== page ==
Saturday, March 17, 2012

How Do You Spot An Irish Boomerang?

Ron Kavana
Cellar Upstairs Folk Club
17 March

St Patricks night in the Cellar Upstairs Folk Club, hidden away in a back street near glamourous Euston Station, was a bit special. I was there because I wanted to hear Mr Ron Kavana who regular readers will remember won the Monty Award for Best Gig of the Year in 2010. Irish guy with guitar. He sings traditional Irish songs: ("the Night the Goat Got Loose on Grand Parade") and traditional Irish songs he wrote himself ("Reconciliation") and modern old fashioned protest songs. ("We laid the last old soldier to rest today / a lingering relic of the older way") 

There don't seem to be too many opportunities to catch him live: he describes himself as having "gone amateur" and complains at some length about the pricing policies of the CD sellers: there was no point in him selling copies of his new collection of Irish folk music, or his epic musical history of Ireland, because Amazon and HMV are selling them to the punters for less than he could get them wholesale. Not quite as intimate a gig as the one in the Bristol pub; possibly the St Patrick Nights atmosphere didn't lend itself perfectly to his intimate, meditative, interpretative singing-around-the-songs style of delivery. He suggested that the audience join in with Mountains of Morne in whatever key, rhythm or tune we liked. Some members of the audience took this a little literally and decamped to the bar when they were politely asked by the regulars not to drown out the act. 

There appeared to be some controversy about whether, as Ron thinks, the stanza which says

I've seen England's king from the top of a bus
And I've never known him, but he means to know us.
And tho' by the Saxon we once were oppressed,
Still I cheered, God forgive me, I cheered with the rest.

is the heart of the song shamefully omitted by some performers; or whether in fact he has discovered or interpolated a treacherous new verse. Obviously, I've never been oppressed by Oliver Cromwell and shouldn't have an opinion, but it looks to me as if the whole song, with or without the "bus" verse is about assimilation: Paddy tells Mary that this London is a funny old place, but he's not actually planning on going home any time soon.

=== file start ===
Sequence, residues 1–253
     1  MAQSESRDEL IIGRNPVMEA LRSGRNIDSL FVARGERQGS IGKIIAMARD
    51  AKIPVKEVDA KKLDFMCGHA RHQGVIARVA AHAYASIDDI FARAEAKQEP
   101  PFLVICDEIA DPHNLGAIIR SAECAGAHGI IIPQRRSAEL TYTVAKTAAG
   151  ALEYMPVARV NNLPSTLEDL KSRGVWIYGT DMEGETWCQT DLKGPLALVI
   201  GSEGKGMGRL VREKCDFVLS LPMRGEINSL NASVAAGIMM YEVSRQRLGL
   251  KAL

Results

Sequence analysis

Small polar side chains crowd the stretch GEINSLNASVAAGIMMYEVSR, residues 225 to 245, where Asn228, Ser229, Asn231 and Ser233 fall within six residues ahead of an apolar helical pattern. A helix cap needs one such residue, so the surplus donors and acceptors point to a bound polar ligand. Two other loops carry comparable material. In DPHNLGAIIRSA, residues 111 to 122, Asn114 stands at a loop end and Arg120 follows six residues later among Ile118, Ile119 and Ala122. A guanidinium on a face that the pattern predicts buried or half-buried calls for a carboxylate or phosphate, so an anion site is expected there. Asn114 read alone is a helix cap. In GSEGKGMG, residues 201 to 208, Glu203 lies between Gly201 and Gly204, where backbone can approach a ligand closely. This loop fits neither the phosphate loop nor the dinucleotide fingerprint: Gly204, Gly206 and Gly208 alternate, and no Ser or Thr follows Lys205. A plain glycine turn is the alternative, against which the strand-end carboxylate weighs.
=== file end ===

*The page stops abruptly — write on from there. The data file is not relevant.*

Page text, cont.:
But very much the star of the evening, from my point of view, was the actual club: an old-fashioned folk club of the sort that I didn't think existed any more. Upstairs in a pub; a little room that had that complete lack of atmosphere normally associated with church halls. Very friendly: lots of people chatted to me. Give or take a loud lady, lots of appropriate singing along with the act. And, before each of Mr Kavana's sets an open mic in which regulars at the club got up to sing. Every one of whom was worth listening to, and several of whom you would have happily paid to hear. Didn't get any names down, unfortunately: there was a dotty fellow who did comic readings of cod Oirish poetry; a couple who did traditional Irish songs; and a fellow who sang "Price of My Pig". But the thing which really blew my head off were the two old time fiddle sets -- that very delicate, understated, polka style violin -- performed by a a very elderly gentleman with the remains of an American accent. He turned out to be (I had to come home and check, but I'm right) Tom Paley, usually referred to as "the legendary" whose been active in traditional American music since the 50s and once performed with Woody Guthrie. It really isn't every club where you get a bona fide legend playing support.

At the end of Ron's set there was still raucous Paddy's Night noise coming from the downstairs bar, so he wave persuaded back onto the stage to do his famous Midnight on the Water (recorded by the Watersons among others) his meta-song incorporating the traditional American waltz tune. Mr Paley couldn't get his fiddle tuned in time to join in; but someone spontaneously accompanied him on a musical saw. 

I don't think the existence of this club is quite enough to make me relocate to London. I see they have one Leon Rosselson (who he? ed) playing there in June.

It doesn't come back, but it sings about how it's going to some day. 


Nicholas Whyte said...

Percy French's songs are distinctly Nationalist in political sentiment, even though he was the son of a Protestant landlord and married to an earl's niece. The line about cheering the king (which incidentally means that Wikipedia's date of 1896 must be wrong, as there is also a reference to Edward VII's first visit to Ireland in 1903) to me is just about being ashamed of blending in with the crowd; the key line in that verse for me is a bit later, "When we've got all we want, we're as quiet as can be" - I have always read it as an appeal for Home Rule, which had a brief and bizarre uptick in the dying days of the Balfour administration.

I cannot say that French was a revolutionary, and he's certainly more sentimental than political. "The Four Farrellys" is fairly indicative - see for his restrained sympathy with the radical Nationalist and his dislike of the Orangeman despite their shared religion.

Andrew Rilstone said...

Thanks for background: I may have misunderstood a discussion I was only on the edge of.

It's a lovely song, and Ron Kavana sings it beautifully, of course.